Pension funds and private equity outbid middle class families and buy up to 25% houses in many  areas for rentals

 

House prices in the U.S. are rising because pension funds, partnering with private investors, are buying up huge swath’s pf properties in areas and then renting them out. This is preventing middle class families from bidding for such homes. These partners are buying up to a quarter of the homes available in some areas.

 

An article from the Wall Street Journal said that John Burns Real Estate Consulting has reported that pensions and private equity firms are offering stiff competition to young home buyers. This will make properties more expensive overall, and prices will keep increasing in the long run. The consultant said that the investors rather than young home buyers are the ones who are benefiting from cheap mortgage financing.

 

This will inflate home prices and make it more difficult for the young and the middle class to buy their first property. As the investors are buying property with the sole intention of renting them, there will be an alarming consequence of increased rentals to pay for the increase in property prices.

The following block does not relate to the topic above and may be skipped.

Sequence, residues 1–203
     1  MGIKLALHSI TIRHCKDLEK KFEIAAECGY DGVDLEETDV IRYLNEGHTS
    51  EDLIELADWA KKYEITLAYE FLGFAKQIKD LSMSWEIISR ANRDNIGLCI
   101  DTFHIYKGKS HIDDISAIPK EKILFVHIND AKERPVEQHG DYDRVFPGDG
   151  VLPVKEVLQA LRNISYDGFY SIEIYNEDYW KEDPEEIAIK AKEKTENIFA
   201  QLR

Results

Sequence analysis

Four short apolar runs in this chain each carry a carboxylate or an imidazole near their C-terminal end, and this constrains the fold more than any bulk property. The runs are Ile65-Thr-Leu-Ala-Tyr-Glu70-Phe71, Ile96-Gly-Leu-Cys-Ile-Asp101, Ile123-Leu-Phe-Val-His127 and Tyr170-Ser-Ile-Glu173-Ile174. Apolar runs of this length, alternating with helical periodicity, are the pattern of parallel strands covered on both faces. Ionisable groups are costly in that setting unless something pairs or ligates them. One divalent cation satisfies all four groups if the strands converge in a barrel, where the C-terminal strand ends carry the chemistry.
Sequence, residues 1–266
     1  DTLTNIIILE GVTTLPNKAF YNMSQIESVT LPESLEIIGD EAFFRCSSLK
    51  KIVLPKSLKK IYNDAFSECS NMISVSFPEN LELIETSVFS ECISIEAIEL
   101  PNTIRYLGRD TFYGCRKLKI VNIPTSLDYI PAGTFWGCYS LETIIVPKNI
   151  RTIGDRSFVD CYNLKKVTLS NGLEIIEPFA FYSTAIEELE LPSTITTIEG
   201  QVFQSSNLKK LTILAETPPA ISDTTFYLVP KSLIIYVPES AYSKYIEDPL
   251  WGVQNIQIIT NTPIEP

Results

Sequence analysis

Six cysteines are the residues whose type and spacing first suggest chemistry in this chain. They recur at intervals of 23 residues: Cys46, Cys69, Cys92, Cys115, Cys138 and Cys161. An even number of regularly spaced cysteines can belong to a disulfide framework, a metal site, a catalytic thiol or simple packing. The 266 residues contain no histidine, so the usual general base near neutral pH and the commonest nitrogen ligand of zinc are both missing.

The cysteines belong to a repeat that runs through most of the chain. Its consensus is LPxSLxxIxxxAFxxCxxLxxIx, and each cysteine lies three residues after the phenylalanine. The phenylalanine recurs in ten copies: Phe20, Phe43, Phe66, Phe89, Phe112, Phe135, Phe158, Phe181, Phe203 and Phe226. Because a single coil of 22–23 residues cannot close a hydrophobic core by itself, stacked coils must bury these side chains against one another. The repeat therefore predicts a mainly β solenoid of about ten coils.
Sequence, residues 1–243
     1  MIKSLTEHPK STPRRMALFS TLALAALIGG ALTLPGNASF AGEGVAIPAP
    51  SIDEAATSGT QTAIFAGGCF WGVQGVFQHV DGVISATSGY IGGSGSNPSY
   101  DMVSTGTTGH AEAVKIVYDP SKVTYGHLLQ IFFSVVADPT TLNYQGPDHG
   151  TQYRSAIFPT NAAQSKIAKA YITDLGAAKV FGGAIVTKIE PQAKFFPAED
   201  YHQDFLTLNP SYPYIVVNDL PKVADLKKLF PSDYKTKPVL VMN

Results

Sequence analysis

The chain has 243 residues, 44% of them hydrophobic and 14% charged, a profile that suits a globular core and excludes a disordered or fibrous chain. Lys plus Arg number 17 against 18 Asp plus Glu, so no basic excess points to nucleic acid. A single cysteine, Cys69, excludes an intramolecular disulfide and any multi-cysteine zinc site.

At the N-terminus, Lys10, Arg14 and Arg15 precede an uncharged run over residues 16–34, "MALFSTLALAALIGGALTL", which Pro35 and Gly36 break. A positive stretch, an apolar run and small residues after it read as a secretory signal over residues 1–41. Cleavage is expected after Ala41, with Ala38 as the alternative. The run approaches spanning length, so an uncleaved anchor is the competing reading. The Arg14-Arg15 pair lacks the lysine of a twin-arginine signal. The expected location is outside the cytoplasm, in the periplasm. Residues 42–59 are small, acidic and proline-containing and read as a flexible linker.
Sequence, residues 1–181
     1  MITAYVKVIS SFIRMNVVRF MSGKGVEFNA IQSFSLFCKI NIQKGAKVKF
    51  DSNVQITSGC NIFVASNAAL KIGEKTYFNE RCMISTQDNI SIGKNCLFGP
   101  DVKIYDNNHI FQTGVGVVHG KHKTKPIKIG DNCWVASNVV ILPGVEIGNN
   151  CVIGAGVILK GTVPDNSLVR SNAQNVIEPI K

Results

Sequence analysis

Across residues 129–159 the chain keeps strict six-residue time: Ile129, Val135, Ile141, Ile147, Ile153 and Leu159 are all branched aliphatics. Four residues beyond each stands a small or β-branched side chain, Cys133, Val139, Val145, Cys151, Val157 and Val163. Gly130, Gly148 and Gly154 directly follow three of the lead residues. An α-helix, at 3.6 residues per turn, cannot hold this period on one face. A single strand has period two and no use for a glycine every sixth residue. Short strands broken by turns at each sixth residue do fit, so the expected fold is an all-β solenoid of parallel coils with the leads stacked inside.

The consulting firm stated that property prices increased by 11 percent, in 2020, despite the pandemic. The company estimates that there will be further increases of approximately 12 percent in 2021 and six percent in 2022. The CEO John Burns said that approximately 20 percent of homes are bought by individuals who never occupy the home they bought.

 

The trend is catching on across major cities in the nation including Miami, Phoenix, Las Vegas, Houston and more. Some of the large investors along with pension funds are

 

  • Pacific Coast Capital Partners with California State Teachers’ Retirement System
  • Lennar Corp with Centerbridge Partners and Allianz

 

John Burns Real Estate Consulting said that limited housing supply, low rates, a global reach for yield and what they call the institutionalization of real estate investors has set the stage for another speculative investor-driven home price bubble. Meanwhile, first home buyers struggle to compete with these cash-flush investors.


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